Ali B and the Forty Spaceships — Part the Eleventh [Nov 2015]
“Shirts are always of thin material with long, floppy sleeves. They are normally worn without UNDERWEAR, and do not seem very warm. If you are prone to feel the cold, you are advised not to visit the SNOWBOUND NORTH.”
—The Tough Guide to Fantasyland, Diana Wynne Jones
AT TIME OF writing over here in the UK, we are still basking in the celebration of Spectre and all that is Bond, James Bond o’course. The latest Hunger Games movie, Mockingjay 2, is just about to launch at cinemas, and the next Star Wars epic is hovering on the horizon, ready to smash more box-office records than may have yet been invented.
Why do I mention this? Well, as it happens, Red Rising (Hodder & Stoughton, 2014) by Pierce Brown was launched a few years back, and despite being a story ostensibly set on a colonised Mars, has been favourably compared to the original Hunger Games tale: Red Rising takes the whole concept of ‘gaming to maintain the social status quo’ and moves it several notches along the ‘gruesomely violent’ track in a story typically full of subterfuge and all-round deception. Now, while this first story in Pierce Brown’s trilogy was an extended tale of a low-born ‘red’ miner who undergoes a complete physical- and bio-engineered body overhaul to compete with the ‘golds’ of society, the second book, Golden Son (Hodder & Stoughton, 2015), manages – unbelievably – to move things onto a whole new plateau of uber-violence. As well as better writing, Golden Son combines some of the key elements of Hollywood storytelling from Spectre and Star Wars to introduce lots more backstabbing, infinitely more brutal carnage, and a whole lot more self-examination… And as such, makes for another cracking read. That said, one wonders where the third book, Morning Star (Hodder & Stoughton, Jan 2016), is going to take things, but here’s a confession: I am salivating at the very thought…
Sticking with Hollywood for the moment, the supremely talented Chuck Wendig turned his hand to a Journey to Star Wars novelisation earlier this year – one of a series of prequel and/or expanded universe tales by an assortment of authors. Aftermath (Del Rey, 2015) by Chuck Wendig is one of the better ones I suspect, and spent three weeks in the New York Times Best Seller Lists back in September. I was a tad late to the party, but boy am I glad I finally made it – this is the way tie-in novels ought to be done, and if you missed it the first time round, it’ll be available in paperback within the first half of 2016.
The House of Shattered Wings (Gollancz, 2015) by Aliette de Bodard is another corker from the pen of an author whose imaginary worlds are quite simply, awesome. Set in a post-apocalyptic Paris gothique, it tells of the magic-fuelled war between several ailing Great Houses wherein fallen angels and gifted humans all have their part to play in the power games that follow when House Silverspires is torn apart from within. Great story-telling, evocative prose, and a setting to die for. Great stuff, and highly recommended.
Regular readers will know I like to shine a light on Independent Publishers every so often, so it’s with some delight that I received an early proof copy of Maresi by Maria Turtschaninoff, due to be published in hardback by Pushkin Press in January. Labelled as YA, it’s a harrowing tale of a girl on the run (not Maresi, ironically) who finds solace and sisterhood behind the blessed walls of the Red Abbey on a secluded island inhabited solely by women. Of course, things don’t stay like that when the men she is on the run from turn up looking for her, and the Maresi of the title is witness to this. It’s a relatively short tale, but reminded me very much of Sarah Pinborough’s The Death House – those who have been paying attention will know that I adore lots of Pinborough’s stuff (incl. The Death House), so this is high praise indeed.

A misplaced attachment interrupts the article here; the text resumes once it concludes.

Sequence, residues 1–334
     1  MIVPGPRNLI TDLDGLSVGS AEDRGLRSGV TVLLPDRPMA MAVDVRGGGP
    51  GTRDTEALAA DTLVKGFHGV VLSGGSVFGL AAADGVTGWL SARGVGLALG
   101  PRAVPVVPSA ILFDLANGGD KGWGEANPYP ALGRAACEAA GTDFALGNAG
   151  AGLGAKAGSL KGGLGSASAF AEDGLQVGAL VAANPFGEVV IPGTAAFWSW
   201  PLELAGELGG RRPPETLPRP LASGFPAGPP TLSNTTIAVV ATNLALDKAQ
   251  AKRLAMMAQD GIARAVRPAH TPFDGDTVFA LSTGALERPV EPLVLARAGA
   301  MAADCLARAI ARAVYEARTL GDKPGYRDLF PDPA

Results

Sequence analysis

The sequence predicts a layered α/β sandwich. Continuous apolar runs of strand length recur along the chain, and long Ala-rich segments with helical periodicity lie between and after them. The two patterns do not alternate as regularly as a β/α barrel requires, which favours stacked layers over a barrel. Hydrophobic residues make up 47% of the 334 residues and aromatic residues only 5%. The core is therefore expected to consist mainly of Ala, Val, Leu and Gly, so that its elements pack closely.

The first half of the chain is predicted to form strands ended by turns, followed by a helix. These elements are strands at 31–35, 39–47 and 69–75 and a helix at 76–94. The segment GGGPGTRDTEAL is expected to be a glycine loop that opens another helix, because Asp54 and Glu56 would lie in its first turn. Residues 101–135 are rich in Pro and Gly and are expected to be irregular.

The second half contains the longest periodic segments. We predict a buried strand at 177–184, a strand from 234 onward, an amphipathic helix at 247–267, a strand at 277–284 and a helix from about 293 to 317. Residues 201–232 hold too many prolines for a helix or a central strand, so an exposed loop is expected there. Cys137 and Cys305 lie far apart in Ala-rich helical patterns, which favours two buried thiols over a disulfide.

As fantasy sagas go, I am not sure if Twelve Kings (Gollancz, 2015) by Bradley Beaulieu has been an easy one to miss – it’s a 600-page doorstop of a book, and despite a great premise of immortal kings being overthrown by a dark secret within their ranks, spends way too much time building a world and setting (400+ pages) before driving an express train through it to tidy everything up and race to the finish. Not entirely satisfying, but it does set things up well for the next volume, and it is a splendid world he’s built, truth be told.
And finally, Robert Silverberg will be celebrating his 81st birthday in January 2016, and has a body of work that numbers in the thousands (incl. those written under his many pseudonyms), and yet Lord Valentine’s Castle and the world of Majipoor remain his most popular. So here’s a couple of others worth seeking out that still have much relevance even today… The Time Hoppers (1967) is set in a familiar world suffering overpopulation and unemployment; Dying Inside (1972) tells of a man blessed and cursed by the same ability: reading people’s minds; and At Winter’s End (1988) is a tale full to bursting with imagination and pathos. As diverse as they are, any and all of these titles will serve as an amazing and healthy re-introduction to a master of his craft – go seek them out, have a read, and then tell me I’m wrong… Go on, off with you. Now. Begone.
Adios, ‘til next time!
* This column originally appeared in the
January/February 2016 issue of BTS Book Reviews